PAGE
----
If you live long enough, life has a way of balancing out. Disappointments of an earlier time morph into happiness in a later time. Case in point: recently, my wife and I moved into our dream home. It is larger than the two of us need, but it is quite lovely. One of its perks is a 60-foot lake frontage.
We moved in last April and are pretty-well settled in. Nevertheless, it has taken time to adjust to the new floor plan, where the light switches are, and finding stuff that we stored away never thinking that we would ever need it. However, the noises of the house still startle us once in awhile. We are still aware of the sump-pump kicking on or the strange sound of our state-of-the-art washing machine makes.
These sounds soon will go unnoticed. However, on several occasions, we have
been awakened by a strange sound outside our bedroom. We didn't notice any
strange sounds for the first several months because the windows were closed and
the air conditioner was usually humming quietly in the background. With the
approach of the fall and being Scottish, I open the windows for fresh and cheap,
cool air. Over the past couple weeks, we have been scared enough to look for
the source of these unusual sounds. I told my wife that it sounded liked the
amplified slurping noise that my old Irish setter, Ginger, made when she would
drink water after a long run. But atlas, it wasn't Ginger-she has gone to her
reward years ago. Then I cryptically added, "Or perhaps it is a dinosaur
slurping up lake water having just devoured some of our neighbors." Little did
I know that I was partially correct about my theory. The loud slurping sound
was made by a dinosaur-a plesiosaur to be accurate.
Years ago, when in graduate school in Edinburgh, Scotland, I spent many an hour looking for the monster that lurked in the depth of Loch Ness. All my efforts were to no avail in Scotland. I didn't even see a ripple on the loch to say nothing of seeing or hearing the monster, a.k.a. Nessie. After the disappointment of an earlier time, finally success came my way. There is a lesson in my experience for all of us. Life does seem to balance things out-in time.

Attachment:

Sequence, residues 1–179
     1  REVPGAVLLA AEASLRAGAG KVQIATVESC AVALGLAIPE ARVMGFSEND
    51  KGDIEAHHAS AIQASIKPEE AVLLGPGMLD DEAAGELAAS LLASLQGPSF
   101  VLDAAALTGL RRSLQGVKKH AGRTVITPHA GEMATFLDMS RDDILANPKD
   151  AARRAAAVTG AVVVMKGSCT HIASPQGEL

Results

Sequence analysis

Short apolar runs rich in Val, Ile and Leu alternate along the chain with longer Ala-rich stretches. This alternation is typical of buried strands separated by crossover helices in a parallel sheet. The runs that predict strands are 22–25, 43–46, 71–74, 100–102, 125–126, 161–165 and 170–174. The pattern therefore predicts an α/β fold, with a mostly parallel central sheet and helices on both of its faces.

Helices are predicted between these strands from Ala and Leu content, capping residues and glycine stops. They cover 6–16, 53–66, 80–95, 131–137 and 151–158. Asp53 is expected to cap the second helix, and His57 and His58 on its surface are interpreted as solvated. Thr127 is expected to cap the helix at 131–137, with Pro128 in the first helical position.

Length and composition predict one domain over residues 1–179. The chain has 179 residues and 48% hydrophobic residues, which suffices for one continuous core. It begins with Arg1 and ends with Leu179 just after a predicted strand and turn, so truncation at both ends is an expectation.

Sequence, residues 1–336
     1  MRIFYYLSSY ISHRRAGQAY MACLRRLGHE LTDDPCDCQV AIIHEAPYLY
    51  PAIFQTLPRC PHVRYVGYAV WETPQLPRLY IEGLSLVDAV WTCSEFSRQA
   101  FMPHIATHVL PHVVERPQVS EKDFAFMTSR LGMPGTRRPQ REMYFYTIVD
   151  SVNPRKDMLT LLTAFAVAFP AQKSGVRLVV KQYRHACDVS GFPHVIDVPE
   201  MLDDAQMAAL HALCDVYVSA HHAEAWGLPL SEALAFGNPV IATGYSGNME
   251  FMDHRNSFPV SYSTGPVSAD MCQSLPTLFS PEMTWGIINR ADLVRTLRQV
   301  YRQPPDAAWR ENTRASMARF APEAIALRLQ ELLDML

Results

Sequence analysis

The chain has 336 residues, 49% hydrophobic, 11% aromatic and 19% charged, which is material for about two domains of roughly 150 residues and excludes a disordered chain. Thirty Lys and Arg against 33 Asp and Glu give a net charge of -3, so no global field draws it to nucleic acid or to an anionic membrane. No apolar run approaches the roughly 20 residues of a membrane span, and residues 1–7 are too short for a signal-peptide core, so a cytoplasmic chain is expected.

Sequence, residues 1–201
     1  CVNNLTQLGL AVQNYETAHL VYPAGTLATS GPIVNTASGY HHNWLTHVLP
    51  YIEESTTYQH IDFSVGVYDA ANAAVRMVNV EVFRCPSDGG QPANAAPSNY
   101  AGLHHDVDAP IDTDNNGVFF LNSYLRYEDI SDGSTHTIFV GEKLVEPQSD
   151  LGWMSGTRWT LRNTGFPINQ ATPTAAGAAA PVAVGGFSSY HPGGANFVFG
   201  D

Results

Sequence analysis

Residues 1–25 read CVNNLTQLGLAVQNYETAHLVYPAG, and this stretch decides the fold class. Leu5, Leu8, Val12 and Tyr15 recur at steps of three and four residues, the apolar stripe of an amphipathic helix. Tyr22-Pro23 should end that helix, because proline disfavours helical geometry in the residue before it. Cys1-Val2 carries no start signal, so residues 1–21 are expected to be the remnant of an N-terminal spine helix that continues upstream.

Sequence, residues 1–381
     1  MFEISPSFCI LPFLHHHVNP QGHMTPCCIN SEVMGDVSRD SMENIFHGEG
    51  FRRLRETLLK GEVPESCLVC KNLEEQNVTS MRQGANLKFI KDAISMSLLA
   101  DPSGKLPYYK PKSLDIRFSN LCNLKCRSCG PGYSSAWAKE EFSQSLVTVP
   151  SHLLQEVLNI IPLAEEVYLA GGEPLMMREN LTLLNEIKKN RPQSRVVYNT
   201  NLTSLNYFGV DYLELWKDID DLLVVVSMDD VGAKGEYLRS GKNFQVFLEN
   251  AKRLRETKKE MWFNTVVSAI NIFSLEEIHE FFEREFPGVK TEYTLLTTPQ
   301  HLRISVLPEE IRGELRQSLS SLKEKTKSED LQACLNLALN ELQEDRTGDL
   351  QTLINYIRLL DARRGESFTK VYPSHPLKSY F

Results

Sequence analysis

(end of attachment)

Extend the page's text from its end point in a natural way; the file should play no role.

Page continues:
We never saw the monster at night, although we surely heard it slurping down the lake water in the wee small hours just before dawn. However, I was up early one foggy morning working at my computer when suddenly I saw Nessie out there the lake. After years of yearning, finally, I saw my monster.
I immediately snapped a couple of pictures and after it disappeared, I went online to do research on this illusive denizen of the deep. I came across an account of an ancient sighting in 1527 by Duncan Campbell. My ancestor described it as "a terrible beast seen on the loch shore."
My plesiosaur sighting occurred the week after my third unsuccessful attempt to meet and interview His Holiness, the Dalai Lama. I have for years wanted to visit with the spiritual head of Tibetan Buddhists and the leader of millions of Tibetan refugees. I traveled to Dharamsala, India a couple years ago and failed. Then he was to come to America the following year, but he got sick and cancelled his trip at the last minute. Just a couple of weeks ago, he finally came back for the dedication of a temple dedicated to world peace in Bloomington, IN. Again, I failed to reach my goal. However, I got within 50 feet of him this time. I salve my disappointment of not getting the interview with the epiphany of the plesiosaur. Perhaps, if I live long enough, my disappointments surrounding the Dalai Lama will someday be rewarded. Life does seem to balance out over the long haul.